Why Mobile Web Sites are Different

By Deane Barker on August 5, 2011

Defer Secondary Content When Writing for Mobile Users: Jakob Nielsen nails why mobile devices are inherently harder to consume content with, based entirely on screen size.

Prior research has shown that it’s 108% harder to understand information when reading from a mobile screen. Content comprehension suffers when you’re looking through a peephole, because there’s little visible context. The less you can see, the more you have to remember, and human short-term memory is notoriously weak.

He’s right – a smaller screen means you can see less of the ancillary content on a page which shows context.  Less context makes it harder to absorb information.

I know mobile is the hot thing right now, but mobile devices will just never be as usable as a full-size browser.  If you plan right, you can get closer, but you always have to make changes, and you always have to compromise.

So, when I wrote this

This has left me wondering about the future of “mobile versions” of Web sites. How much longer will you need to code a separate version of your Web site for mobile versions? […] You’d just need to design your site well, and perhaps make a few very small concessions to mobile devices (or maybe none at all).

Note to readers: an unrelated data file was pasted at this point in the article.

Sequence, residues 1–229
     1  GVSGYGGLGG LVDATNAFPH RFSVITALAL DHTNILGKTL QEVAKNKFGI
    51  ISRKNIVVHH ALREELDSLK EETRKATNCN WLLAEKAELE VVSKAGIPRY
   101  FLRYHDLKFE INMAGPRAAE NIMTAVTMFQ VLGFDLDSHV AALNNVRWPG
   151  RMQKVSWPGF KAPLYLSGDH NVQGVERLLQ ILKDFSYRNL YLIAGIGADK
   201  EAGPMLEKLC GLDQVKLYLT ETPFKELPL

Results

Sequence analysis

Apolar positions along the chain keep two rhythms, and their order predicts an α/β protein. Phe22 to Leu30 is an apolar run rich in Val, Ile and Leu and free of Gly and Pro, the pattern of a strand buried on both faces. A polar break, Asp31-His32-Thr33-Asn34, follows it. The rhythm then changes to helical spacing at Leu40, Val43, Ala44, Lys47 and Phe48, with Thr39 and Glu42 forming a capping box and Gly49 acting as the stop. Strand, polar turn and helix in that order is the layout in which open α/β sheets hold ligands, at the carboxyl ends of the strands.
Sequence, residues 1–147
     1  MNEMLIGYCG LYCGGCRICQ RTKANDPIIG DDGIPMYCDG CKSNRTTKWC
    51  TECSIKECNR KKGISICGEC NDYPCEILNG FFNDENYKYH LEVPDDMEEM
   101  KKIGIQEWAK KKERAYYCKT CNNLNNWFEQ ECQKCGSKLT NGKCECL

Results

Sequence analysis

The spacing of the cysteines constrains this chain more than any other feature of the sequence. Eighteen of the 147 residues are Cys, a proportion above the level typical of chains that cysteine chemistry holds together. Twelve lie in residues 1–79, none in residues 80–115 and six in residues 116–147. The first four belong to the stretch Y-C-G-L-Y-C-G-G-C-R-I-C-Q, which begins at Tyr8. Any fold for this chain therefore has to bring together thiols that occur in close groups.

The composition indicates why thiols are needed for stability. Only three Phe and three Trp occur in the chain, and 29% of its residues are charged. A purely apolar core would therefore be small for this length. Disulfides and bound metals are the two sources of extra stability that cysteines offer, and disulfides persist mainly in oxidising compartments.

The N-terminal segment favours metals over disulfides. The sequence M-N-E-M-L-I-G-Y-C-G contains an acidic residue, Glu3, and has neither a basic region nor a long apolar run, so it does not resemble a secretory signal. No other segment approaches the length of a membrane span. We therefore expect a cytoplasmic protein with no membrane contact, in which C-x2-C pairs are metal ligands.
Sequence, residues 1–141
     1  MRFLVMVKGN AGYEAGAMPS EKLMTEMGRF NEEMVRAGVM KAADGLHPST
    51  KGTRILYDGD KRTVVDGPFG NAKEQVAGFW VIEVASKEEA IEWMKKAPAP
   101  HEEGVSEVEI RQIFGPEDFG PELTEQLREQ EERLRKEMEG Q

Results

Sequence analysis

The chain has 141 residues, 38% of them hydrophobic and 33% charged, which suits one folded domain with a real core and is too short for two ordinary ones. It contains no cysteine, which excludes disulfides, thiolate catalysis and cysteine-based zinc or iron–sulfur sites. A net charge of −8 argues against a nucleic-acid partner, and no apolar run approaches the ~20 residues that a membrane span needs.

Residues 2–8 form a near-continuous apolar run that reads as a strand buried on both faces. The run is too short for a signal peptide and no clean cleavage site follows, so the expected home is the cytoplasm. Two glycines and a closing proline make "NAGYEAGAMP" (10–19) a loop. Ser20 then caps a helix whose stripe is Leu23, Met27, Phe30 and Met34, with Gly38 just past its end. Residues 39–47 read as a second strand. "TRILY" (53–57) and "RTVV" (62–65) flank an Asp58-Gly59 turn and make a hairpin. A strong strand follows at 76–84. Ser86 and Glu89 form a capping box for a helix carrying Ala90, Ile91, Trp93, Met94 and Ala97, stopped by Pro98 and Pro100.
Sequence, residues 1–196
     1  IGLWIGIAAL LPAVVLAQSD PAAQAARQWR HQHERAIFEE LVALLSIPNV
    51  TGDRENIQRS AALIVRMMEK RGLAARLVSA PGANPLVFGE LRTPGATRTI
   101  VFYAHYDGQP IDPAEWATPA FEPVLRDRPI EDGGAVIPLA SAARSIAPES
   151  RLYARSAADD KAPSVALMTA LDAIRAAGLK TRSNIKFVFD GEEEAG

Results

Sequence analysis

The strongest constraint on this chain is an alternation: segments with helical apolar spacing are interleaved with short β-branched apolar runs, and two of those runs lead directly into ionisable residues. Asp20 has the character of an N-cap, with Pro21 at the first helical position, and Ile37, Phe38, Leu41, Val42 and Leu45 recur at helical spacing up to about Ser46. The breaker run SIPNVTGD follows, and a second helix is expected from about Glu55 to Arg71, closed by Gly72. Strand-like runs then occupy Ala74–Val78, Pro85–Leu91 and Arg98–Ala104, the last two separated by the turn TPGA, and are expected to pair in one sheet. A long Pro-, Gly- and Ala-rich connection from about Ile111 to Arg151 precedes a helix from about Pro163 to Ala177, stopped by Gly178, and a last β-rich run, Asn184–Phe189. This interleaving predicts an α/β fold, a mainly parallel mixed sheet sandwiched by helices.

…I was clearly wrong.

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Comments

  1. Then why are kindle’s so popular?

    I’ve read 1000+ page kindle books on my iPhone. I consume 400+ feeds a day with my reader app on my iPhone.

    It isn’t the length or quantity of content, it is the relevance of the content. Yes, we should strive for less verbiage across the board, because there will be less irrelevant fluff that turns off the reader.

    I say you were right.

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